Our Ghana Coordinator, Anita Gillispie, traveled to Ghana for two weeks in June. It was a very busy trip, with visits to around 15 orphanages and non-profits in 5 regions of Ghana and Togo. In this part of the world in-person relationships are of the utmost importance. Culturally, some things must be communicated in person rather than by email or phone.
Thanks to generous donations by AAI families and friends, Anita was able to take over 300 pounds of donations, and give over $2500 in food and supplies to orphanages and non-profits in Ghana.
|AAI helped a group foster home receive 12 new mattresses for the children.|
|Directors of the group foster home choose donated shoes and clothing for their children|
Earlier this year families raised $5000 for the construction of a new dormitory at Nyame Dua Foster home. Anita was able to tour the dormitory that is now nearing the end of construction. When finished, the addition will have a new sitting area, 2 new bedrooms, a western-style restroom, and a storage area.
|The current restroom facility at Nyame Dua--a new one is planned.|
Family Preservation is a significant part of our program in Ghana. Anita was able to observe these programs in action when she went along to deliver food to vulnerable families and to visit the sponsored children in school.
The trip was very fruitful, in part, thanks to the private vehicle Anita was able to use during her time in Ghana. Unfortunately, The Ripley Foundation (our primary NGO sponsor in Ghana) is in dire need of vehicles to be able to effectively do their work in Ghana. Currently, they are borrowing one vehicle (to be returned in August) or using public taxis/buses. Please consider a donation to our Ghana Vehicle Fund to help put this program back on the road.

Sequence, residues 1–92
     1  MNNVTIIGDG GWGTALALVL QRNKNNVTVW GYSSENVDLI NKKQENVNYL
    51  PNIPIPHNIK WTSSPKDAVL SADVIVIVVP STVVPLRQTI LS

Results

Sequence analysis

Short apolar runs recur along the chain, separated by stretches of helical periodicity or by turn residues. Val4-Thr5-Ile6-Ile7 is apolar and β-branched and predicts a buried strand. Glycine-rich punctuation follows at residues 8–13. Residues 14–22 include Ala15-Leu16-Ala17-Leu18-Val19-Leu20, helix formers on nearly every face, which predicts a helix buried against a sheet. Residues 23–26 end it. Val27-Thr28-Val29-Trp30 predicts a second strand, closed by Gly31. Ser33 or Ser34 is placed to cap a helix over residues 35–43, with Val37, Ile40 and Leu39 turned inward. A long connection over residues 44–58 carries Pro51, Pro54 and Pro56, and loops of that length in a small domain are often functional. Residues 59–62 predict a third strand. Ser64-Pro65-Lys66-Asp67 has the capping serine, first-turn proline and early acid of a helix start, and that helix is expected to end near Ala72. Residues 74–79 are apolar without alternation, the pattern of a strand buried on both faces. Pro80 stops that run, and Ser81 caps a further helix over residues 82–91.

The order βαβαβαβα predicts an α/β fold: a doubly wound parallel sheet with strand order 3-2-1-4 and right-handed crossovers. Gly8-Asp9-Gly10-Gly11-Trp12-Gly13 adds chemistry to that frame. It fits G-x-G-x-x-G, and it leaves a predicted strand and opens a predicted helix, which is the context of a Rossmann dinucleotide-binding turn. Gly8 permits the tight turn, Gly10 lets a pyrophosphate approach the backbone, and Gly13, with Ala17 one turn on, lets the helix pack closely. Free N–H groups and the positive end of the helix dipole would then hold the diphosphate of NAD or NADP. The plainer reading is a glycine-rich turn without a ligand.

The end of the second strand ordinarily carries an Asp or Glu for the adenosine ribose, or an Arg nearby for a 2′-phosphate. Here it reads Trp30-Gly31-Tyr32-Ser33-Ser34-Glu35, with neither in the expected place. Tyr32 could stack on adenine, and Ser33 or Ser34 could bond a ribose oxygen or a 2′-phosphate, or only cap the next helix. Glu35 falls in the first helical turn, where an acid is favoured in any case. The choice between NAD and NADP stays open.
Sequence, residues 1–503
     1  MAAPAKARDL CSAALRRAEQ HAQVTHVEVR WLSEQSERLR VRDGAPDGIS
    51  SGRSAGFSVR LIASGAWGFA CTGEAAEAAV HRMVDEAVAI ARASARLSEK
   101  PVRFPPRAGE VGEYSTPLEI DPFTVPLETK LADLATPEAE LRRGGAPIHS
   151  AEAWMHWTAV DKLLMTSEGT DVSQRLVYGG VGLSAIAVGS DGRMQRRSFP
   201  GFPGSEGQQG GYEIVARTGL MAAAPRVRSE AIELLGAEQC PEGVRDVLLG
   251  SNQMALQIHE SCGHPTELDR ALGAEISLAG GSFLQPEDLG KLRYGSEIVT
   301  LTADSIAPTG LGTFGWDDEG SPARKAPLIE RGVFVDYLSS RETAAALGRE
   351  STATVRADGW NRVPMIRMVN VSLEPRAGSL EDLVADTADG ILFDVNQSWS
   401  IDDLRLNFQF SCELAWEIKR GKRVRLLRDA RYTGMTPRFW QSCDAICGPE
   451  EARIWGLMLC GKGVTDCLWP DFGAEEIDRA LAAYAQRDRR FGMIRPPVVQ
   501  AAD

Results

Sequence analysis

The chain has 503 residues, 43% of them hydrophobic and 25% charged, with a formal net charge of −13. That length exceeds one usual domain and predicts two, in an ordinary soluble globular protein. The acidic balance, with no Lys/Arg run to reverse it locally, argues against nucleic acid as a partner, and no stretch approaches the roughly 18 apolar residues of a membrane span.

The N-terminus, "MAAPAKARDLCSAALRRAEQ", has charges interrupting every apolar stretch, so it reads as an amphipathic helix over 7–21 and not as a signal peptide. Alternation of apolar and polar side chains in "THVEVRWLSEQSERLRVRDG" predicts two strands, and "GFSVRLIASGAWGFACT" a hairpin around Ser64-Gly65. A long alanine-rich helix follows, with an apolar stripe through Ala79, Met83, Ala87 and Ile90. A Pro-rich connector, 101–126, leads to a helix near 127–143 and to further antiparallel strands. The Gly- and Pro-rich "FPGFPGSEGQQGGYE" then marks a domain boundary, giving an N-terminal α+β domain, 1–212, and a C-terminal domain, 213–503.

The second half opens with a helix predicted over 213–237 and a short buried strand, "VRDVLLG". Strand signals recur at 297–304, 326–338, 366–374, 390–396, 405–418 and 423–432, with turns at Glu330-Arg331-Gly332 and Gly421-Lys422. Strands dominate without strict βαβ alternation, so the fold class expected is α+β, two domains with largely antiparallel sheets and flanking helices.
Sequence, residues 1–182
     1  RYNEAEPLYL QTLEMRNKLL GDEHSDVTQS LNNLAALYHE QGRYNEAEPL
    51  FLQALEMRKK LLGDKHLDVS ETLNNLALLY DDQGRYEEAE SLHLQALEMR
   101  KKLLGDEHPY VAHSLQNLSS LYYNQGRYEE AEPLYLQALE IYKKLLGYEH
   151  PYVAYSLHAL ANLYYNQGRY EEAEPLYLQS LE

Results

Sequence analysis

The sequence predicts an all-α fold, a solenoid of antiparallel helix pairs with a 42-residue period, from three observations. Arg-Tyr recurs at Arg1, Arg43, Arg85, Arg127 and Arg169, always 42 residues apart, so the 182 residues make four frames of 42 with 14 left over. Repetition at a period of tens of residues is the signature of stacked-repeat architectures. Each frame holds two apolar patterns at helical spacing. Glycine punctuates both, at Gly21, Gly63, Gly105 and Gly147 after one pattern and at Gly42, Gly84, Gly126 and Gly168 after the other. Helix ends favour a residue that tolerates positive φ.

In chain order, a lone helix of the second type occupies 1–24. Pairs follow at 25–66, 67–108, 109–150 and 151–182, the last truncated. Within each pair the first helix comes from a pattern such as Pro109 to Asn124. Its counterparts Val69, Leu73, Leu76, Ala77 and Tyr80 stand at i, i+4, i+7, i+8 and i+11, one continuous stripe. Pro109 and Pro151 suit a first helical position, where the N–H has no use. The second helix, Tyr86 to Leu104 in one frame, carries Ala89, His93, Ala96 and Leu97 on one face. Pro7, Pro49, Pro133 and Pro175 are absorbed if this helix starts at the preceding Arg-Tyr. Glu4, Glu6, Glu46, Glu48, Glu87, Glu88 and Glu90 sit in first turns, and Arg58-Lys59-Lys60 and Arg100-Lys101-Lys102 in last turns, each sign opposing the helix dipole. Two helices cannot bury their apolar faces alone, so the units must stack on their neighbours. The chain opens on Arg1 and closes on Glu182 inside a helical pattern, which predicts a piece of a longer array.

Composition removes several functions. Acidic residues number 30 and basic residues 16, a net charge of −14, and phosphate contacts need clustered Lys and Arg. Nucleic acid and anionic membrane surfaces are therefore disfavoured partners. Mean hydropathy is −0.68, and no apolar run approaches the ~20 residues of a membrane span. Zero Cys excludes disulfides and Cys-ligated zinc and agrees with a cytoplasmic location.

The roads are sometimes almost impassable even for a 4X4 SUV, so you can imagine how difficult it is for TRF Humanitarian Director Muna Saeed to do her work hiring public taxis each day. Many times she can only take a taxi to a certain point before she is left to walk the last few miles on foot (often with donations in hand and her son on her back). This is, at best, an inefficient way to accomplish the work that must be done on behalf of orphans and vulnerable children.
Muna, walking with a mom whose children are sponsored through AAI
Joha, TRF's Director of Development, often takes a public bus from Accra to Bolgatanga--a 17 hour ride--in order to work on adoption cases in the Upper East Region.
Joha (in brown shirt) settles in for the 17+ hour bus ride
Without access to a dependable SUV, Anita would have been unable to visit at least 5 of the orphanages she visited during the last trip. The SUV barely made it through the muddy road below.
In the coming months we hope to assist The Ripley Foundation in purchasing two used vehicles--one for city travel and one for "rough" travel. The organization is doing its best to raise money within Ghana (including their own personal funds) to meet this need, but they ask that we come along side them. The fact is, at this point, AAI adoption and family preservation work is being inhibited by the transportation problems.
Thank you for your continued support in Ghana.
Adoption Advocates International